We recommend looking for opportunities to broaden your network to include community-based research sites. For example, in our most recent study examining racial microaggressions experienced by patients in clinical research, Tufts Center for the Study of Drug Development partnered with several key organizations to ensure that we reached a racially diverse sample.
We reached out to Latinos in Clinical Research, a non-profit community of clinical research site owners and site representatives serving rural areas across the United States with the mission to increase Latino participation in clinical research.
Next, we reached out to University of California–San Francisco’s Collaborative Approach for Asian Americans, Native Hawaiians & Pacific Islanders Research and Education (CARE) to reach Asian American and Pacific Islander (AAPI) participants. Lastly, we collaborated with CliniSpan Health, whose mission is to connect underrepresented racial minority groups, including African Americans, with clinical research studies by building digital communities that target underserved populations using a Digital Health Influencer (DHI) model.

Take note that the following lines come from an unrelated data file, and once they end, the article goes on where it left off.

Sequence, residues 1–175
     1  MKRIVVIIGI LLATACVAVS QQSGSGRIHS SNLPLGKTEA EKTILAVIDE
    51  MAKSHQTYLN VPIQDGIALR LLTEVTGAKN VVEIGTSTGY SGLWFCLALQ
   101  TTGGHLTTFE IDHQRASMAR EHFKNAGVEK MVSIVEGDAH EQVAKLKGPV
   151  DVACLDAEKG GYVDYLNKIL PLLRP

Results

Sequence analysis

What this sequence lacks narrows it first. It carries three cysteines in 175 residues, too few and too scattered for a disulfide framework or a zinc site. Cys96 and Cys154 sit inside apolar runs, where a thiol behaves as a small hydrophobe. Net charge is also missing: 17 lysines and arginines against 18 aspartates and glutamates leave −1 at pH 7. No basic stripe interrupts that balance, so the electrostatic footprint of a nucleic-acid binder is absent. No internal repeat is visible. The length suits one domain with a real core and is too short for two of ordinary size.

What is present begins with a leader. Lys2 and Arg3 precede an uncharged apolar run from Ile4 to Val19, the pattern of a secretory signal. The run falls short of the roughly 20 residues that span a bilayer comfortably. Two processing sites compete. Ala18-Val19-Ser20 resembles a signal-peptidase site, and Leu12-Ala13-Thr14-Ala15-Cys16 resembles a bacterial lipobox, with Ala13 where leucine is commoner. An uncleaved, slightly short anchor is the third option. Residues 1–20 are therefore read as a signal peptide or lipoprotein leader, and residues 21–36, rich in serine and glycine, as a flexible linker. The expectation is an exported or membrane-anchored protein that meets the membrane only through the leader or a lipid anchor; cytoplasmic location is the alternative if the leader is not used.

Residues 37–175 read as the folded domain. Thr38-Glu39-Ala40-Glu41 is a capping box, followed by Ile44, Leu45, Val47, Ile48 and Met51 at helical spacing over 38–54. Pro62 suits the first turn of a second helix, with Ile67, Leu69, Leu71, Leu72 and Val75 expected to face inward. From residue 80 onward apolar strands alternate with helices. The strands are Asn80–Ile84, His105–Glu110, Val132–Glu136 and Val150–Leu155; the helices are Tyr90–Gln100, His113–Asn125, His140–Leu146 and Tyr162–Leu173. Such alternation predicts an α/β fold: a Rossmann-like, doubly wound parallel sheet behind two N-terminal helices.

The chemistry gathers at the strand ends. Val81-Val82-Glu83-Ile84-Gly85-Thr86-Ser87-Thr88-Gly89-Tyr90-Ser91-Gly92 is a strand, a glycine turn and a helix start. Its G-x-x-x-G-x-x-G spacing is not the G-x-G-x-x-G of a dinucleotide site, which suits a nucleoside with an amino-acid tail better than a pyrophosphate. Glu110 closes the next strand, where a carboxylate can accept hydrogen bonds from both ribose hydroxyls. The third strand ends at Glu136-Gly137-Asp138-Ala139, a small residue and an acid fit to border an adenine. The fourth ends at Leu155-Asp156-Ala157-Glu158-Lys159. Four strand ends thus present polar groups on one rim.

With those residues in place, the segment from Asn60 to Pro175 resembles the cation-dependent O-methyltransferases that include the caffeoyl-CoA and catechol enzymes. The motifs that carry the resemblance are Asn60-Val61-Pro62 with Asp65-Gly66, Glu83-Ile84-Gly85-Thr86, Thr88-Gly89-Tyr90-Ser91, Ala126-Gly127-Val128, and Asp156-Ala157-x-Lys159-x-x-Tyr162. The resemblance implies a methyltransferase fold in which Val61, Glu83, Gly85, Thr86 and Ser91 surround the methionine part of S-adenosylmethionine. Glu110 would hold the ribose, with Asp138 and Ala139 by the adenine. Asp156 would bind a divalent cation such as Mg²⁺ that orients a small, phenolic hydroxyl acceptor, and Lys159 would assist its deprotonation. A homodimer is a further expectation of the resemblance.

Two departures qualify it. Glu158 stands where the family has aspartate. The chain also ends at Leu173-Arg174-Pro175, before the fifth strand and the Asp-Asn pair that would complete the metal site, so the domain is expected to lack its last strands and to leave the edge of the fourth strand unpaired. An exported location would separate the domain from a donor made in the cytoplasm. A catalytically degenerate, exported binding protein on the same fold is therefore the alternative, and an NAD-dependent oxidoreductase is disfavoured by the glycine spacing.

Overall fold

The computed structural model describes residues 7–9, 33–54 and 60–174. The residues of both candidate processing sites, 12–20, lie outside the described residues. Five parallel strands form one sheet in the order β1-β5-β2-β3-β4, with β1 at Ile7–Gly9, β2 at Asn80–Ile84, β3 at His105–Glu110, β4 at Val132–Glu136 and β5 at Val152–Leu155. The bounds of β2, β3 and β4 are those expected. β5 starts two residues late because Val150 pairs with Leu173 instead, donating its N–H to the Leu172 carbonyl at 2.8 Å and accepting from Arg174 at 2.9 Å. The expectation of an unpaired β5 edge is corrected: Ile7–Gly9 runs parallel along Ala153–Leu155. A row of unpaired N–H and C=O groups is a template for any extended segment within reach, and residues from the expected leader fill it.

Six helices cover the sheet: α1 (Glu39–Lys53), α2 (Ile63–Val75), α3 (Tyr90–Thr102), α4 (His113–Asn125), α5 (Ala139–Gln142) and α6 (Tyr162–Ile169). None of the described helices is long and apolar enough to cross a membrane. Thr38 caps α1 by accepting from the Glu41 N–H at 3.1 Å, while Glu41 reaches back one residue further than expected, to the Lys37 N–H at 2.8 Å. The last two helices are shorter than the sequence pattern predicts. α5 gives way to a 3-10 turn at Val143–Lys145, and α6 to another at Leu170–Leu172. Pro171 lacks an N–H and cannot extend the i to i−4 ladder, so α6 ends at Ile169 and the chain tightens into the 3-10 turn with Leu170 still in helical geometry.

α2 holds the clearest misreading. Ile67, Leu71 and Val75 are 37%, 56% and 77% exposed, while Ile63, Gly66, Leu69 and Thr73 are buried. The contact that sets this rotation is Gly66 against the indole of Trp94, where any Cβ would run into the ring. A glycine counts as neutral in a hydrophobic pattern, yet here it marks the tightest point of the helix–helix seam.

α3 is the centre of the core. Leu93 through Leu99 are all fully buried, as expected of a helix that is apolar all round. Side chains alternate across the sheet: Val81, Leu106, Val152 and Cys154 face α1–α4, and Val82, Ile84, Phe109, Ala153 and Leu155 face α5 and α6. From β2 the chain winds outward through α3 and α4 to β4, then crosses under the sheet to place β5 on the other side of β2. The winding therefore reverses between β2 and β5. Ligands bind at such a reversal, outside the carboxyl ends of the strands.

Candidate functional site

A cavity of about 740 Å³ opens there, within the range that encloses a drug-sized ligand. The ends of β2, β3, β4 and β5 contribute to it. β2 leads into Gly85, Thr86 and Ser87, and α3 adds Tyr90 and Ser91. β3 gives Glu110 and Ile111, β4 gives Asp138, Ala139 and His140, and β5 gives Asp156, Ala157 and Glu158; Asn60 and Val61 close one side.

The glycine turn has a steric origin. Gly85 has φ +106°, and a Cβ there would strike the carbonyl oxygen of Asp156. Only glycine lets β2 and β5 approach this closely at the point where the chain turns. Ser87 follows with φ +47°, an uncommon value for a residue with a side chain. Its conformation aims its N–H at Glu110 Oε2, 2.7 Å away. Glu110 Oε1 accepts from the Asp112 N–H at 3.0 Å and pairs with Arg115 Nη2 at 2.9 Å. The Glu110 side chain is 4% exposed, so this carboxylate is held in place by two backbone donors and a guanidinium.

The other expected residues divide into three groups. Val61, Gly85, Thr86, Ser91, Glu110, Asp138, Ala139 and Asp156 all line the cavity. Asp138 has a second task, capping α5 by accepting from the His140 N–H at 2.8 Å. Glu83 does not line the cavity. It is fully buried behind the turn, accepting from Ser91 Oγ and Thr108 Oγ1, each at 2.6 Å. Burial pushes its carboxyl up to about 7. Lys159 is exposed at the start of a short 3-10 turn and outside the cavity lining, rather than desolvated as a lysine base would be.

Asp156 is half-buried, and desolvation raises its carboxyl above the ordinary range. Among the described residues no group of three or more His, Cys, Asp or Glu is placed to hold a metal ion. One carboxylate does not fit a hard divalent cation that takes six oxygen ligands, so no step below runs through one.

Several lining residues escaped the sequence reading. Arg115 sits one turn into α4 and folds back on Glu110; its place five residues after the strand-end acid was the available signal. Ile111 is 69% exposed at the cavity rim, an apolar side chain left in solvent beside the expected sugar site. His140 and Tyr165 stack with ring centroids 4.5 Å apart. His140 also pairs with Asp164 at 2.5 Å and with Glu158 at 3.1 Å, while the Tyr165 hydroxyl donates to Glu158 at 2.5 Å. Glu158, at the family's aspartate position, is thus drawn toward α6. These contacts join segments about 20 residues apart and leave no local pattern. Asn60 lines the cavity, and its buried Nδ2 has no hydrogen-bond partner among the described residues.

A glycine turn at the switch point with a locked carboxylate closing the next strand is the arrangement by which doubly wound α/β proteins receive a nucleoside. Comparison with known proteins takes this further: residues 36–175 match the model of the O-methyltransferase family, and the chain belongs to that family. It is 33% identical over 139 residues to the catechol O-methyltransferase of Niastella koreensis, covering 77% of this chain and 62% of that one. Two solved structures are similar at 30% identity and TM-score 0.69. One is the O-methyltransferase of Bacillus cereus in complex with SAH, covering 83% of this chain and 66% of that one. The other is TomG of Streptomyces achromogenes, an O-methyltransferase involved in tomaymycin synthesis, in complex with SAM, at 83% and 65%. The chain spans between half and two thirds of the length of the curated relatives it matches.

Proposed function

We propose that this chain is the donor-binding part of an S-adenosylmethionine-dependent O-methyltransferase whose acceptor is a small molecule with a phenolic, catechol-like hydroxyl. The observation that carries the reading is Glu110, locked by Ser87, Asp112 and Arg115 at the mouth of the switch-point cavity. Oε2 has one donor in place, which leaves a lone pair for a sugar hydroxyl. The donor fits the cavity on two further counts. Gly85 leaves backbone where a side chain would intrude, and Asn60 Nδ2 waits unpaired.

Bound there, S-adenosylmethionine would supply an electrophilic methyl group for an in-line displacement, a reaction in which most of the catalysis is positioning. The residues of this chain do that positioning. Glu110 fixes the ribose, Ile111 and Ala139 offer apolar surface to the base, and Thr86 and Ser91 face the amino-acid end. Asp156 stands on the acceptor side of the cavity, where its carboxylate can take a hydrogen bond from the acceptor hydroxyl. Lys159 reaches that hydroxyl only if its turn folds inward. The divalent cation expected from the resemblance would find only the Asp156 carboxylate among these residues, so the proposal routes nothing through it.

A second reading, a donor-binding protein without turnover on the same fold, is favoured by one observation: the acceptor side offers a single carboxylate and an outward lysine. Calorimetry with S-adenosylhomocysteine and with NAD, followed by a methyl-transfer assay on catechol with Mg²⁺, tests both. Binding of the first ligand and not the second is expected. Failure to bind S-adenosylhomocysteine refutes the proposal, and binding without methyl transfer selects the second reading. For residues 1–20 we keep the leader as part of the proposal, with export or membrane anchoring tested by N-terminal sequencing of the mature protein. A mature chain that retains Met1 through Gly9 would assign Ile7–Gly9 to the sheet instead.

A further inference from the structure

In fact, 53% of the study’s participants were recruited using CliniSpan’s DHI model, allowing us to achieve our target recruitment within the projected timeline.
Be okay with extending your project timeline
Creating a timeline and achieving project milestones in a timely manner are imperative for all businesses and this is certainly true in the drug development industry, where cycle times are viewed and treated as important performance metrics.10 Though extending timelines by budgeting additional time may seem counterintuitive, it is a necessary step.